This Gura guy gets it.

  14. avatar stateisevil says:

    You have a natural right to carry concealed or openly without a license. You only have a Constitutional right to bear arms OPENLY. Thus, the court could legitimately restrict or ban concealed carry, an established privilege in the history of most states, and in the history of the federal constitution.

    1. avatar Delmarva Chip says:

      As far as I know, the US constitution doesn’t restrict the right to bear arms. It just says the right to keep and bear arms shall not be infringed. Not the right to keep and openly bear arms shall not be infringed.

      I’ll admit that I’m not sure of everything that the courts have said historically on it, but I’m not sure where you get the idea that it’s OK to ban concealed weapons. That certainly does not appear to be a power granted to the federal government. Unless I misread Article I Section 9.

    2. avatar Ralph says:

      Following the logic in Peruta, if a place bans concealed carry, it must permit open carry, and vice versa.

    3. avatar rlc2 says:

      Curious what you think of the yale law article here. Some comments after are interesting.

  15. avatar I_Like_Pie says:

    I’ll say it again as I do every time this guy shows up.

    Folks – Gura is my hero. He has done a LOT for us in the past 10 years

  16. avatar RLC2 says:

    The DC Council wrote sucb restrictive guidelines that few would pass, and just like San Diego Sheriff policy, you have to PROVE you are threatened before APPLYING, and ONLY if approved, after weeks of fees, fingerprints and FBI check, the 16 hours of classez, and a qual test at range, can you be issued a permit.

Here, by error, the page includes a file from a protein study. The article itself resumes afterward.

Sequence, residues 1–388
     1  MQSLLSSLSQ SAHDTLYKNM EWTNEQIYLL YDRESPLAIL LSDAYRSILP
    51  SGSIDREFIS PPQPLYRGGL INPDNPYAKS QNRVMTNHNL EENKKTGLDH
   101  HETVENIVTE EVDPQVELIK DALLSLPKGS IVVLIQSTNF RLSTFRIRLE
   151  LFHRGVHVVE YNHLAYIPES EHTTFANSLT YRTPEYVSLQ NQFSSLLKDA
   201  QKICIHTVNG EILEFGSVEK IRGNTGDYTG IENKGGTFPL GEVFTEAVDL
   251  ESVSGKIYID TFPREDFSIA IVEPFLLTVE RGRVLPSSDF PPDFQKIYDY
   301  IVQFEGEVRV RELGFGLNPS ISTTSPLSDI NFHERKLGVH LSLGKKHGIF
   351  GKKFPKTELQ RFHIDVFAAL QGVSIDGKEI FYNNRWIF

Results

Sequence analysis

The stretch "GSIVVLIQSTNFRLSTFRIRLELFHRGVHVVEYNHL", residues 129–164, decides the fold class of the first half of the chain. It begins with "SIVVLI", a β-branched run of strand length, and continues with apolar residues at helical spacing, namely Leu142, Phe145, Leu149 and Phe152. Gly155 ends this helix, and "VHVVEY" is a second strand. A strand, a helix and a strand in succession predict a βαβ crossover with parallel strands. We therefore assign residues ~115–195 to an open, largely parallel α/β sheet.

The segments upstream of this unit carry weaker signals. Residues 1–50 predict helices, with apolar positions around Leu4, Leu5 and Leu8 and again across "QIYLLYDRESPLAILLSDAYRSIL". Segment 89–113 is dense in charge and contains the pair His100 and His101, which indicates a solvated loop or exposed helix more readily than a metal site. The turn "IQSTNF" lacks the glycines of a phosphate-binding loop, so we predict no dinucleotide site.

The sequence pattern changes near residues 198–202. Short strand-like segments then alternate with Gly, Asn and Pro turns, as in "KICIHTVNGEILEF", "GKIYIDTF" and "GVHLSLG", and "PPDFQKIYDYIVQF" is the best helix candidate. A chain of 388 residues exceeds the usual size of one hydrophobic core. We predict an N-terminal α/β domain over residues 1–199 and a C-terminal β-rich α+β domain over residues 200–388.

And here is an interesting REAL WORLD example of how it worked, in San Diego.

  17. avatar RLC2 says:

    Now, IIRC, Judge Scullin cited Peruta, in his decision, in re: instructing the DC Council how to rewrite their law.One would expect that the key point of Peruta would have been honored, that no other justification to apply is needed, than SELF DEFENSE.

    I find it remarkable, but sadly not surprising, that the apparatchiki of DC are putting on the same Imperial pose as the Czar of Executive Action himself…and not only disregarding the obvious intentions and guidance of the judge, but insulting him, his Court, and the Rule of Law, by claiming the appeal makes his authority invalid.

    Who’s got the popcorn?

  18. avatar John P. Squibob says:

    Why is it that when contempt proceedings are held against the state, that the courts are reluctant to place the officers of the state in personal contempt, and have them thrown in jail for their contempt? But Joe Citizen can wind up in jail?

    1. avatar Aaron says:

      ’cause life. ain’t. fair.